September 28-29, 2023 | Auerbach Bibliothek, Wienand Haus, Weyertal 59, 3. OG and zoom (as well as in the field)
IN ORDER TO RECEIVE A ZOOM LINK – REGISTRATION REQUIRED:
MESH | Multidisciplinary Environmental Studies in the Humanities, UoC
GSSC | Global South Studies Center, UoC
SFB 1252 | Prominence of Language, UoC
The event is part of a workshop series organized by the AHRC Networking Project on Rethinking Fables in the Age of Global Environmental Crisis, University of Kent, UK
Conveners: Chris Bongartz and Christoph Lange
Our workshop seeks to explore the South-North trajectories involved in contemporary horse breeding and -training with an eye to political ecology and economic disparities that characterize the respective equestrian communities in the wider Mediterranean and Middle East region. The horse-human connection has been variously explored in terms of historical implications for human mobility and migration, agricultural and military achievements, and the nexus of domestication and cultural formation at large. There is also some quite plausible speculation about the role of horses in the spread and development of human languages. In the recent turn of human-animal studies, multispecies ethnography, and particularly in equine scholarship in anthropology and anthro-zoology the research focus often lies on interactionist interspecies approaches. Many recent studies fall short on reflection about the embedded geo-political aspects of contemporary hegemonial horse (and other nonhuman animals) discourses and exclusionist practices, especially in a North-South perspective. The workshop’s aim, therefore, is to develop and experiment with an approach that fruitfully engages with this tension of scale. Our starting point is recent work on rethinking the fable genre as both an “art of multispecies storytelling” and a “versatile tool and important resource, which can help us to think differently about pressing global issues and the environmental, political, and technological challenges we face” (see Nagai 2023, Hartigan 2015). The workshop focusses on the materiality of horse interactions and addresses situated forms of interspecies literacy that simultaneously enable/inform concrete encounters and account for embedded sociopolitical discourse and a multitude of inequalities. One possible point of reference are the connections of wellbeing of work equids in the context of community resilience in the face of environmental and humanitarian crises (Clancy, Watson, and Raw 2022).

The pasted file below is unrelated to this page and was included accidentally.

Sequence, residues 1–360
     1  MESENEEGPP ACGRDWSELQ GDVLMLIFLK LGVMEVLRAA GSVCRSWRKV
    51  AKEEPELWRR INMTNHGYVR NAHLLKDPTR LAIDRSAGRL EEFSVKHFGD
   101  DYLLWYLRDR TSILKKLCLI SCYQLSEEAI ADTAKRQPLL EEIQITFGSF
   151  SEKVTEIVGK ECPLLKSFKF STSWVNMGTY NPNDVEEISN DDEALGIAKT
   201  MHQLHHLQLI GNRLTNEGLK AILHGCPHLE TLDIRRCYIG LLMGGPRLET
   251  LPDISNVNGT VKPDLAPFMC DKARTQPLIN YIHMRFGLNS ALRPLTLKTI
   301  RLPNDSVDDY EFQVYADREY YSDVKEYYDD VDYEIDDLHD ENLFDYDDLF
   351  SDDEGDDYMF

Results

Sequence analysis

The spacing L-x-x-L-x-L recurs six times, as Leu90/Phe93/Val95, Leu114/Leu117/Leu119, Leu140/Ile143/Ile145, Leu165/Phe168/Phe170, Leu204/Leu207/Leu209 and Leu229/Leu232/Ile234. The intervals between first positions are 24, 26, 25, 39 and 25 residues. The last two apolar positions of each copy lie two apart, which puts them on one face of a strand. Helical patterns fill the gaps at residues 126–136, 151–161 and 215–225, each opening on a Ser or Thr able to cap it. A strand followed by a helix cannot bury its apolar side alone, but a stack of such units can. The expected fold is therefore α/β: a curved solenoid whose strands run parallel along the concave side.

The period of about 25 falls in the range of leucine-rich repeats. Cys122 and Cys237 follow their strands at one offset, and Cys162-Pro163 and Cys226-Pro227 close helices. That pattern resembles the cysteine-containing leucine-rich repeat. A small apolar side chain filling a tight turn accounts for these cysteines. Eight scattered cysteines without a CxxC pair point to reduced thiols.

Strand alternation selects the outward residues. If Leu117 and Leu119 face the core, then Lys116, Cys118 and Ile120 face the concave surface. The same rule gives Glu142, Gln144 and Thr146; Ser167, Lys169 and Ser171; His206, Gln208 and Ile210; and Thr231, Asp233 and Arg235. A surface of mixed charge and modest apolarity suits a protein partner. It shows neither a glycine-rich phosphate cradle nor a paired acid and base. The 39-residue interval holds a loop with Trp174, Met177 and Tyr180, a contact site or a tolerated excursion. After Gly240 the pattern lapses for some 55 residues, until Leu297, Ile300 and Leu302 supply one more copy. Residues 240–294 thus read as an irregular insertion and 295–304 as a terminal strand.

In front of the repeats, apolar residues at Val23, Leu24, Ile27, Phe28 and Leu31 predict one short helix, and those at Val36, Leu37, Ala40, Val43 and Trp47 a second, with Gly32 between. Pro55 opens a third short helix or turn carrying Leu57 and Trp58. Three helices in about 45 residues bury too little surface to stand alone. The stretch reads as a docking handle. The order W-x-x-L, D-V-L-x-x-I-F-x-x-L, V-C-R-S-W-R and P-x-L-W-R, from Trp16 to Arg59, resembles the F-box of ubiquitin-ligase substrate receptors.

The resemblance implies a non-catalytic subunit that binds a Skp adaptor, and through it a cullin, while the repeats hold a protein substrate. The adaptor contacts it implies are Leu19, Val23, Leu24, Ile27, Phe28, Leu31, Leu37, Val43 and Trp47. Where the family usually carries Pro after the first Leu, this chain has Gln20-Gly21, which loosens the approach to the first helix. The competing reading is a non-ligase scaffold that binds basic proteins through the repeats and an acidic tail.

Participants from diverse backgrounds will address two or more of the following principal questions:
- How can your area of interest be described in terms of fables of fulfillment or multispecies storytelling?
- What drives cultural imagination in your area and what forms of contestation are at play?
- How is agency of horses and/or humans in your area embedded in and scaled into global dynamics and vice versa?
- Which are outstanding dynamics of your area (conversation, culture, capital) that could be defined as equine or interspecies literacy?
(The workshop is designed as a hybrid event)
On the first day – Thursday, 28 September 2023 – On the first day – Thursday, 28 September 2023 – we will visit an equine facility in Cologne (riding and training stable). We will turn our attention to actual horse-human encounters, and we will discuss how interspecies communication works with equine practitioners of diverse backgrounds. To that effect, we plan a documentation by using an experimental exercise of situational conversation analysis with audiovisual methods (filming, photographing, voice recording).
On the second day – Friday, 29 September 2023 – we will have a hybrid online session with equine experts and researchers where we will make preliminary material from the first day available. In addition, we invite presentations focusing on the discursive aspect of interspecies communication. Aspects of critical analysis and ethnographic research, as well as historical and literature studies with a view on racial, economic, political and/or feminist underpinnings might be foregrounded here, including creative imagination and formats such as multispecies storytelling. We expect our discussions to bring out more clearly how our interests intersect and what we might be missing. With equine expert voices from the Global South we hope to develop a frame for focused interdisciplinary research on horse materiality with linguistic, socio-cultural, and anthropological perspectives.
At the moment, we envision for the hybrid online session on Friday a set of discussion inputs from inter- and crossdisciplinary perspectives:
1) Conversations on the Material Horse in Anthropology & Social Sciences / Linguistics
2) Conversations on the Material Horse in Middle Eastern Studies and Archeology/History
3) Conversations on the Material Horse in Literary Studies
4) Conversations on the Material Horse from a Practitioner’s Point of View
Find further information here.